Some of those mistakes are highlighted in new research published online today in the Journal of the American Academy of Dermatology. Researchers set up free sunscreen dispensers at the Minnesota State Fair and observed 2,187 people using them over the course of 93 hours. Only one-third (33 percent) of people applied sunscreen to all exposed skin, and just 38 percent were wearing sun-protective clothing, hats or sunglasses. Additionally, utilization of the free sunscreen dispensers decreased significantly on cloudy days. “Research has shown that women are more likely than men to use sunscreen, but it’s vital that men use it too,” says board-certified dermatologist Darrell S. Rigel, MD, FAAD, a clinical professor in the Ronald O. Perelman Department of Dermatology at New York University. “Men over 50 have a higher risk than the general population of developing melanoma, the deadliest form of skin cancer, and UV exposure is the most preventable skin cancer risk factor, so it’s important for men of all ages to protect themselves from the sun’s harmful rays by seeking shade, wearing protective clothing and applying sunscreen.”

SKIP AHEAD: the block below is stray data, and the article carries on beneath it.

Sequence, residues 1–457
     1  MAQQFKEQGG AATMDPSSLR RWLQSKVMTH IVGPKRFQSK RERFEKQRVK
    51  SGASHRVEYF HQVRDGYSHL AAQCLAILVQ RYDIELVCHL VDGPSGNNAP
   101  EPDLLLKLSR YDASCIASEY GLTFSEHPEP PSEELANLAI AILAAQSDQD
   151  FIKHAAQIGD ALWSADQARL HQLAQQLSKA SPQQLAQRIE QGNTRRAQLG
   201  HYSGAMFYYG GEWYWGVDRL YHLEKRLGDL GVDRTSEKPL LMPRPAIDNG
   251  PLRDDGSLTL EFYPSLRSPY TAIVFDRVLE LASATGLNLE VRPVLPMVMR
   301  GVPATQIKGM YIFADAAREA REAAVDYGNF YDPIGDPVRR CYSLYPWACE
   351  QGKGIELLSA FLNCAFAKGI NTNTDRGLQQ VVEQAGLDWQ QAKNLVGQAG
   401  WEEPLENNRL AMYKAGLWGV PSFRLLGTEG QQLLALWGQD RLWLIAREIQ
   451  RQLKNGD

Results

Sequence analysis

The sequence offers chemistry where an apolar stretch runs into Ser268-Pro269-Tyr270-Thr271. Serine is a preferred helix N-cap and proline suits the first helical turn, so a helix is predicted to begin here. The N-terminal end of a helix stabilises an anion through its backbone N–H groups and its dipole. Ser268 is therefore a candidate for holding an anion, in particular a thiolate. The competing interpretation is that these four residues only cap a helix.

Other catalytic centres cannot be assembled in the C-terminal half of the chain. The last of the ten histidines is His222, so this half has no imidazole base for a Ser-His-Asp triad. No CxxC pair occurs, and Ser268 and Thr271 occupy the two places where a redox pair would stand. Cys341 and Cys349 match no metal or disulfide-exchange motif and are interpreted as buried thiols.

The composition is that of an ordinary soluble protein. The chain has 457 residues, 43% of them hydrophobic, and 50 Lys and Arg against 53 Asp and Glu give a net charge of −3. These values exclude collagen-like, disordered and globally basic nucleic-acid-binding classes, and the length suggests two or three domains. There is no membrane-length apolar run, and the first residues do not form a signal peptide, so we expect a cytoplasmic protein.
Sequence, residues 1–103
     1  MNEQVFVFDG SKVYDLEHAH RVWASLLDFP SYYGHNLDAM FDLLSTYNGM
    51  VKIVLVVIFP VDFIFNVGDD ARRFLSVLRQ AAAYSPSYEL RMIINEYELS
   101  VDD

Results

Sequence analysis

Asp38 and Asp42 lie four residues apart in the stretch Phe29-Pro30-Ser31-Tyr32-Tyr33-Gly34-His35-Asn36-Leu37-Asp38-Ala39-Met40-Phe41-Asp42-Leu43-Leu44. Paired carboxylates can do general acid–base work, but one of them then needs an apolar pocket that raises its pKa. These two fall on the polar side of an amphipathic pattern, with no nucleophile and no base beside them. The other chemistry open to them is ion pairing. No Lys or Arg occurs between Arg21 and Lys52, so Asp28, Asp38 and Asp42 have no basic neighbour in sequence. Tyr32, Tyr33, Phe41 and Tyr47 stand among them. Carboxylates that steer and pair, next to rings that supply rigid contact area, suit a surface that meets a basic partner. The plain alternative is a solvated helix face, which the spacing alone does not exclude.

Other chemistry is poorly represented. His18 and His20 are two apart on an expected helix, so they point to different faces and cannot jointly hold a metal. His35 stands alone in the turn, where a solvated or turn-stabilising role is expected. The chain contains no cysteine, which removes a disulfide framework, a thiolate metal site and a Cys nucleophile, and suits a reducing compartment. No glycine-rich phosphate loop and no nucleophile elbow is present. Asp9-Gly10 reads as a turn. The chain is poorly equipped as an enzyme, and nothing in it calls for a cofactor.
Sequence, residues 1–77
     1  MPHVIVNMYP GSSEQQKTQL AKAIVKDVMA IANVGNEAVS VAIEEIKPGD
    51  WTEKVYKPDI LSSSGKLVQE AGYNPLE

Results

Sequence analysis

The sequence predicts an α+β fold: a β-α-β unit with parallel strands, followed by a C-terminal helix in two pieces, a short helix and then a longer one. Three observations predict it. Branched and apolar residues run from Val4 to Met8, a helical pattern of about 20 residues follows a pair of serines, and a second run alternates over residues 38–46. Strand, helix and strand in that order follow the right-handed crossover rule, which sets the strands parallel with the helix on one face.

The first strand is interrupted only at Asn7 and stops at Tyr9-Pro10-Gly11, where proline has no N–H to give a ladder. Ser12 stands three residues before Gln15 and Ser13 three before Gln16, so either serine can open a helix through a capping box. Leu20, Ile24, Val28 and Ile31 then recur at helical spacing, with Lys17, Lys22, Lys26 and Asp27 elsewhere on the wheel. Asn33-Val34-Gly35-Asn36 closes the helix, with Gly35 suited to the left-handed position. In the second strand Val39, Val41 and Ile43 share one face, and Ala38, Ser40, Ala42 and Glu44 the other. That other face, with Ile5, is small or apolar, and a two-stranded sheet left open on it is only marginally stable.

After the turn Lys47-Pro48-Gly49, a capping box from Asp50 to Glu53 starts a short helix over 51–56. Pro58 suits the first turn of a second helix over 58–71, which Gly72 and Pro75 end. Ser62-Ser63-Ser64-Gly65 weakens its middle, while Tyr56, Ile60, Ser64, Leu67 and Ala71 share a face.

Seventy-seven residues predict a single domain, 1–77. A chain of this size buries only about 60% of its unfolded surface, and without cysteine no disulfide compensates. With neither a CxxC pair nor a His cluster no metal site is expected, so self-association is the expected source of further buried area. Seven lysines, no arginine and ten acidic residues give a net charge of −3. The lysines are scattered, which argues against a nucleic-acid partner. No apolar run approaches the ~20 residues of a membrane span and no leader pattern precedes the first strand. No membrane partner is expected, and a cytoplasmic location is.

Journal of the American Academy of Dermatology, Volume 77, Issue 1

Comment: Studies continue to show inadequate sunscreen use despite repeated attempts in education. Applying sunscreen to all exposed skin should be a part of one’s daily regimen, similar to brushing your teeth. SPF 30 or higher is recommended. Options are available to individuals with sensitive skin. New vehicles offer choices for those individuals who complain sunscreens feel greasy or sticky.

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